The issue of Gender-Based violence being engineered by cultural beliefs in Uganda and Africa at large is still a thorn in fresh since most stakeholders have ignored it.
According to media reports, some people believe that violence against women or girl child is not their business as long as it’s based on cultural practice.
At the start of Covid-19 pandemic in March this year, within just a space of one month, over 3280 cases of Gender-Based Violence (GBV) were reported to the Uganda Police.
Reports from Police and Civil societies have indicated that 98 per cent of the reported cases are stemmed from conflicts over norms related to decision-making, providing family’s needs, conjugal rights, sexual and conjugal relations and gender roles.
While speaking at the launch of a campaign aimed at fighting and ending gender-based violence dubbed ‘Enough is Enough’ at Mestil hotel last week, the Executive Director of Uganda’s Women Network (UWONET) Rita Aciro said that some cultural norms have made others to believe that it is justifiable and acceptable.
“Many acknowledge violence as anti-social behaviour but the lines quickly become blurred when it happens against female. Then they will not speak out when it happens in their local communities, in the workplace or even in their homes. If they do it is to ask, why the survivor did what she did to invitee the violence. These are just a few of the common social norms that underpin violence against women and girls,” she said.
The Formative Research on Social Norms and Violence against Women and Girls in Uganda conducted last year in September by a Social Norm Specialist from Makerere University Prof. Paul Bukuluki to identify social norms that promote Violence Against Women and Girls (VAWG) in Uganda and to understand the different narratives around social norms that promote VAWG in Uganda.
It was found out that some descriptive norms have existed for so long such norms include the belief that Men possess, control and allocate monetary resources in a household, this is especially in the northern region.
Prof Bukuluki added that in this research, they found out that descriptive norms are respected no matter how badly they affect the victims, such norms include a man beating a woman under given circumstances and no one can intervene.
“One should not intervene in a marital matter. If it was between you and your husband, the officer will just say aah, aah, you go back to your husband’s home,” said one of the participants in the research in Isingiro.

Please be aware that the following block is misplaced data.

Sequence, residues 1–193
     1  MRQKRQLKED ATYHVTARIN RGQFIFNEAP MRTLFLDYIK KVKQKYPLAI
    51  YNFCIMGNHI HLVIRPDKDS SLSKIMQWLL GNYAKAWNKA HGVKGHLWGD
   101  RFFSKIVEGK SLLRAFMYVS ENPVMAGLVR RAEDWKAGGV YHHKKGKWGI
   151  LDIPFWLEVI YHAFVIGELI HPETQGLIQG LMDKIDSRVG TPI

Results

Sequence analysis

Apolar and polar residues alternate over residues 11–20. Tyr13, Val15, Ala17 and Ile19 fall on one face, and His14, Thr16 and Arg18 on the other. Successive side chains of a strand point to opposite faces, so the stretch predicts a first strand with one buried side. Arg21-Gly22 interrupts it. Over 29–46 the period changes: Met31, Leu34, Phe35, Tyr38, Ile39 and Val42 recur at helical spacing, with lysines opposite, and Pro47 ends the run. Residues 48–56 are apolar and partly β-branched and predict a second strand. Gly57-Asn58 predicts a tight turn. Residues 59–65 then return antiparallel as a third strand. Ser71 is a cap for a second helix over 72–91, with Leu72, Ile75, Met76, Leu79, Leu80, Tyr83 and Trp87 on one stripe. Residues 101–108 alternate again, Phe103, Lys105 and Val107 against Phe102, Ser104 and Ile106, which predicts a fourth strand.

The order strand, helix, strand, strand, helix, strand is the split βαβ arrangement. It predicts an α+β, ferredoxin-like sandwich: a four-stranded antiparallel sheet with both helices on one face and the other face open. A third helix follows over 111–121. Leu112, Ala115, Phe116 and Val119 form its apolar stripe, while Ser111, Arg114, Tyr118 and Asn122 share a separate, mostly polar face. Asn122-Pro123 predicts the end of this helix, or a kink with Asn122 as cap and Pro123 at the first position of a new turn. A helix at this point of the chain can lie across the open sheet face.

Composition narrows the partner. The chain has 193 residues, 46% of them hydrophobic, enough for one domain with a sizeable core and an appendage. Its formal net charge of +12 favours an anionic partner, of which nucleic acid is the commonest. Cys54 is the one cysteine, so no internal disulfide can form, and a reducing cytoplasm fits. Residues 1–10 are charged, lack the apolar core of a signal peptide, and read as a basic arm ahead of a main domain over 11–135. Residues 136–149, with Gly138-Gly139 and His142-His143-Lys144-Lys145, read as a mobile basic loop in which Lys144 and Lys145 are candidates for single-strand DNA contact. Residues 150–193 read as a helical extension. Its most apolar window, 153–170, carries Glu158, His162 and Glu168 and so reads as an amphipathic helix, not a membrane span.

Ann Katushabe who lost one of her fingers to VAWG told this website that there is a lot of gender-based violence against women in rural areas. She said that a woman should tolerate physical and other forms of violence because it’s what they know.
“I’m the firstborn all of us are girls but recently when our father died his relatives came and attacked our family, they wanted to take my father’s land alluding that he left no children since all of us are girls and one of the relatives wanted to first kill me and in defending my self I lost my finger,” she said.
Other norms that facilitate GBV is the issue of the Bride-Price where many cultural chiefs in Uganda and Africa at large emphasize that a woman does not leave the man’s home after he has paid bride price even she is mistreated by the man.
If the man has not paid the bride price, you have the right of leaving that home, but not when he has paid the bride price in the lay man’s language she is a property.
“There is that situation where you catch a man in the wrong for instance cheating but instead of him being apologetic he beats you claiming you were spying his movements, claiming he paid you off and he can afford to pay off another woman in case you feel you cannot bear with his conduct’’ said female participant, Lira.
To curb the misperception on cultural norms by perpetrators prof, Bakulili said, “We need to clarifying or correcting misperceptions that are created by Social Norms. We must also emphasize positive benefits for adopting alternative social norms, facilitate individuals, groups and communities to maintain positive social norm change maintenance motives.”
Shanty Francis Odokorach the country director Oxfam Uganda also said that government together cultural leaders must come out and to stop norms that encourage discrimination and violence against women.
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